At the tail end of December, Congress passed a COVID relief bill that included a number of important packages targeted at renewable energy. While the bill didn’t include everything that the industry needed, it did extend and expand some important elements of what is growing the market into 2021, just in time for a new administration to rev things up. Continue reading “What’s In The COVID Relief Bill For Renewables”
Across the country and around the world, coal is being set aside as the primary energy producer for grid-scale suppliers. In Indiana, that’s meant a sizeable investment in energy storage that will save consumers millions. Continue reading “Indiana Might Be The Next Energy Storage Hotbed”
California is a big state with even bigger energy needs. That means many of its green and sustainability goals appear daunting, but the technology is there. What will it take for California to go carbon neutral? Storage. Continue reading “California’s Energy Storage Road Map”
Sometime last year, our Monday morning meeting got a little off track. Normally, these meetings are designed to kick off the week and set out a road map on how to get everything done, and give our teams the resources they need to go above and beyond. The topic that got us off topic was microgrids. Continue reading “Microgrid Island: Tasmania’s Small Sustainability Project”
In a recent call with a client, we heard a facilities manager dismiss a move to create their own microgrid. The technology was there, the interest was there, the plan was there, but he was still nervous. He didn’t want to be ‘on an island’. Continue reading “An Island With A Bridge: Microgrids Plug Into Utilities”
The world of solar power is changing at lightning speed, and in just the past few months, the energy section has seen the benchmark shift in the king of renewable energy. Instead of looking at size and scale, the new battleground in solar is in price, and it’s cheaper than ever to provide renewable energy. Continue reading “Solar Power Progress Benchmark Goes From Size To Price”
When we’re talking about energy storage, we’re talking about growth. For decades, businesses and municipalities balked at the idea of sustainability and alternative energy under the false fear of cost. Renewables are no longer inefficient, expensive, or too complicated for a facility or utility to incorporate into what is already in place.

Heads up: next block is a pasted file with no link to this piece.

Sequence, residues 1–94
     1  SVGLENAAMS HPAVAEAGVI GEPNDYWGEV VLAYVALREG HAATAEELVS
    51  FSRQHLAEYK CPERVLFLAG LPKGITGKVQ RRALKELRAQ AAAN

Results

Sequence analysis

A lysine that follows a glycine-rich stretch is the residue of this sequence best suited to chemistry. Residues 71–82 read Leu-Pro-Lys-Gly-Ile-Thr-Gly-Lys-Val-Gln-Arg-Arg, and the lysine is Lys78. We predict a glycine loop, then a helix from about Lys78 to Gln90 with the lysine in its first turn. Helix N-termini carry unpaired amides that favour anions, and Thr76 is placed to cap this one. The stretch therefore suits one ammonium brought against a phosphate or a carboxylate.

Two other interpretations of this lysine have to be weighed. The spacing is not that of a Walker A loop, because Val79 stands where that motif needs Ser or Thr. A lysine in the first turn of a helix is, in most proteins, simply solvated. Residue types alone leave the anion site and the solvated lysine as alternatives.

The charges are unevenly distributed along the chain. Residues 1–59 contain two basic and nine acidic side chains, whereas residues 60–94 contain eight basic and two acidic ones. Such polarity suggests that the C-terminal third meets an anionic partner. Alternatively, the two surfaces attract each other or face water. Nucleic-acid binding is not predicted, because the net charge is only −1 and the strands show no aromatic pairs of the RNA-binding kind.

Energy storage is coming, and it isn’t just coming to small-scale applications, either. A recent report found that grid-scale energy storage is forecasted to grow, and grow fast. By 2028, experts believe energy storage will increase by as much as 35%. That would put its capacity at a whopping 22,909 kWh.
Two big factors in this growth pattern come down to technologically improvements in solar power and the energy storage batteries themselves. Providing more efficient solar panels paired with batteries that can adjust to even dynamic load changes mean that the gradual move to a more decentralized energy grid is picked up pace. Energy won’t move in a single direction on these new grids, either. Instead, energy will flow to where demand is, moving from energy production and storage facilities no matter where they are on the grid.
As we’ve noted before, all of us will play a role in this new “energy cloud”. From our phones to our cars to hour homes to our businesses, we’ll all be a part of what is essentially a push-and-pull to meet the dynamic energy needs of the connected consumers.
Energy storage at every level will be crucial, and the grid-level capacity needed to make these smarter, more sustainable grid really work is on the way.
It’s easy to see energy storage as a massive challenge, and it’s also one that doesn’t get a lot of attention. In spite of the tremendous potential and impact of comprehensive energy storage, it’s not the eye-catching topic that garners headlines or an appropriate level of investment. What does? The secret to energy storage; electric vehicles. Continue reading “The Energy Storage Solution That Might Be Parked In Your Garage”
The East Coast has led the way in energy storage in the past few years and even a sky-high overview of some of its 2019 projects offer a way forward for other regions to follow suit.
It’s no surprise that states like New York and Massachusetts, home to massive populations and energy usage, have been pioneering the way forward in adding energy storage to its toolbox of answers for the future. One company, Nexamp, now holds the reins to 40% of the New York SUN project, a full 51MWh.
New York has committed to nearly $290 million in energy storage, with a goal of boasting a full 3 GWh by 2030. It’s an ambitious timeline, but with the right investment and technology, experts are confident that New York can get there on schedule.
The New York project is one of a half-dozen sites on the east coast that are pursuing energy storage applications on a grid scale. Massachusetts’ MA Smart is a similar project that is built around declining credits as energy needs are met and sustained. That effort will see the end of its first full year of operations on November 26 and will offer a glimpse of how such a scheme has impacted the energy needs of its users.
Energy storage is the ideal platform to add on renewable energy sources like solar and wind because it allows you to store excess production on your own terms, lowering your KWh rate on the grid and giving business more control with load shedding and dealing with peak demand. It’s one tool we’re excited to bring to companies looking to invest in themselves and in the future!